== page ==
Attorney General Jeff Sessions has been lobbied furiously by music industry behemoths to refrain from appealing a wayward decision of the U.S. District Court for the Southern District of New York in United States of America v. BMI (September 16, 2016). It threatens ready public access to popular copyrighted music at competitive prices. Mr. Sessions has only days to decide. He should rebuff the lobbyists and appeal.
It is worth pondering the sad fate of Attorney General Richard Kleindienst, who served under President Richard M. Nixon. Mr. Kleindienst resigned and ultimately pleaded guilty to a misdemeanor for refusing to testify accurately to Congress about succumbing to the directives of President Richard Nixon and White House adviser John Ehrlichman to settle an antitrust merger suit against ITT. The settlement terms were favorable to the conglomerate, which had concurrently pledged $400,000 to finance the 1972 Republican National Convention. The lesson: Keep politics out of antitrust enforcement.
BMI and ASCAP—performing rights organizations—epitomize monopoly power, the bete noire of time-honored antitrust laws. Together, the PROs control the licensing rights to 90 percent of our music. To prevent them from charging monopoly prices, the United States negotiated consent judgments over 75 years ago to require them to license songs in their catalogues at fixed rates and without discrimination.
The antitrust judgments are reviewed periodically to ensure that neither time nor technology has rendered them obsolete or counterproductive. On August 4, 2016, the Antitrust Division of the U.S. Department of Justice issued a “Statement of the Department of Justice on the Closing of the Antitrust Division’s Review of the ASCAP and BMI Consent Decrees.” Among other things, the Statement declared that the consent judgments required the PROs to issue “full-work” licensing for any song listed in their catalogues. Such licenses give radio stations, digital providers, restaurants or other users the right to perform the work without risk of infringement liability. In contrast, “fractional licenses” championed by BMI and ASCAP would offer licensees only the partial interests they own in songs, and require users to obtain additional licenses from the PROs representing other co-owners of the copyrighted music.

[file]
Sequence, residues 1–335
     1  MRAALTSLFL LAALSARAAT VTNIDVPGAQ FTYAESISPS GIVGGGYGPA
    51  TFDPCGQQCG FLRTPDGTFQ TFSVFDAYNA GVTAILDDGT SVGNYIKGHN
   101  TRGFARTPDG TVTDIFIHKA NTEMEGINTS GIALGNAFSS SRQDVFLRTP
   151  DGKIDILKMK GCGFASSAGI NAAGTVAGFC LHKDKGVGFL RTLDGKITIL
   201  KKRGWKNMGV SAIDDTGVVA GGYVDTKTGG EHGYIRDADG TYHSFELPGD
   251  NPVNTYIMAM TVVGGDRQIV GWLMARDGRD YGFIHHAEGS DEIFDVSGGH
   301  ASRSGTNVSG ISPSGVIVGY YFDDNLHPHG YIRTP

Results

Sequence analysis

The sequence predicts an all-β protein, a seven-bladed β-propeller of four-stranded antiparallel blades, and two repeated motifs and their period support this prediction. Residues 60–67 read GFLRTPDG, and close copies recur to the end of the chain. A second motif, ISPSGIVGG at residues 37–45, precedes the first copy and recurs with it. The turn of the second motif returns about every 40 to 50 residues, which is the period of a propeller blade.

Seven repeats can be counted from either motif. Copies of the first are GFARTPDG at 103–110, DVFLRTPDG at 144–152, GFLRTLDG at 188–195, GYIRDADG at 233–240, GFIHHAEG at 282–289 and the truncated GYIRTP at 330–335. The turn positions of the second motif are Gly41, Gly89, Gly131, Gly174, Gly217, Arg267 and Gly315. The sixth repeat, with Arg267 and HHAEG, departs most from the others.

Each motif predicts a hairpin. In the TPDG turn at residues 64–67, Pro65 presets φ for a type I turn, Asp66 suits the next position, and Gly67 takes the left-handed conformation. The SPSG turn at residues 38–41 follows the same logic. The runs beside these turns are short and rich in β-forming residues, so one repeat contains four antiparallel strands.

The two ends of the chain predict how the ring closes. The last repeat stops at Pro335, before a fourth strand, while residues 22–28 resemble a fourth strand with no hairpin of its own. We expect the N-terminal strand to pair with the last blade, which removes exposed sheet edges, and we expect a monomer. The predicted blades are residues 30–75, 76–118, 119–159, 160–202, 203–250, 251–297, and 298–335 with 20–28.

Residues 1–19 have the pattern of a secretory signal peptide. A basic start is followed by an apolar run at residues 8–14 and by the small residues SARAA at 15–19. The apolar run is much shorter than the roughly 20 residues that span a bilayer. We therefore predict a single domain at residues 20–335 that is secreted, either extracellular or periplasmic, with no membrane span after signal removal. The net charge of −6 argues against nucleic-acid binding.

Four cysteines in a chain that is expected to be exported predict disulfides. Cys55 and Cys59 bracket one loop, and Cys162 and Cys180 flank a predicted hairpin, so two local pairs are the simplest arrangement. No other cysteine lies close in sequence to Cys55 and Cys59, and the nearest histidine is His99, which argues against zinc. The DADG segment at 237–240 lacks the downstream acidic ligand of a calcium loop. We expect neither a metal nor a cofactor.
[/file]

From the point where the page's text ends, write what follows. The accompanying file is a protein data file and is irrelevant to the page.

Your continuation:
The Antitrust Division elaborated on why full-work licensing was required to achieve the pro-competitive benefits of the consent judgments:
“If the licenses were fractional, they would not provide immediate use of covered compositions; users would need to obtain additional licenses before using many of the covered compositions. And such licenses would not avoid the delay of additional negotiations, because users would need to clear rights from additional owners of fractional interests before performing the works in the ASCAP and BMI repertories.”
The Division explained that full-work licensing would not disturb the rights of copyright owners:
“To the extent allowed by copyright law, co-owners of a song remain free to impose limitations on one another’s ability to license the song. Such an action may, however, make it impossible for ASCAP or BMI…to include that song in their blanket licenses.”
United States District Judge Louis L. Stanton reversed the Division’s interpretation of the consent judgments that required the PROs to offer “full-work” licenses and prohibited fractional licensing. The District Judge gave no deference to the Antitrust Division’s expertise. And it was unable to articulate any pro-competitive effects that would ensue from giving ASCAP and BMI carte blanche to choose between full-work and fractional licensing.
Attorney General Sessions should appeal not only because the District Judge erred in its razor-thin antitrust analysis, but also because it sets a precedent that will hamstring the Department of Justice in the interpretation and administration of non-antitrust consent judgments, for example, the many negotiated by the Obama administration requiring extensive overhauls of local police department practices.
The United States Supreme Court taught in United States v. Topco Associates, Inc. (1972) that the antitrust laws are the Magna Carta of free enterprise. Mr. Sessions should defend them accordingly.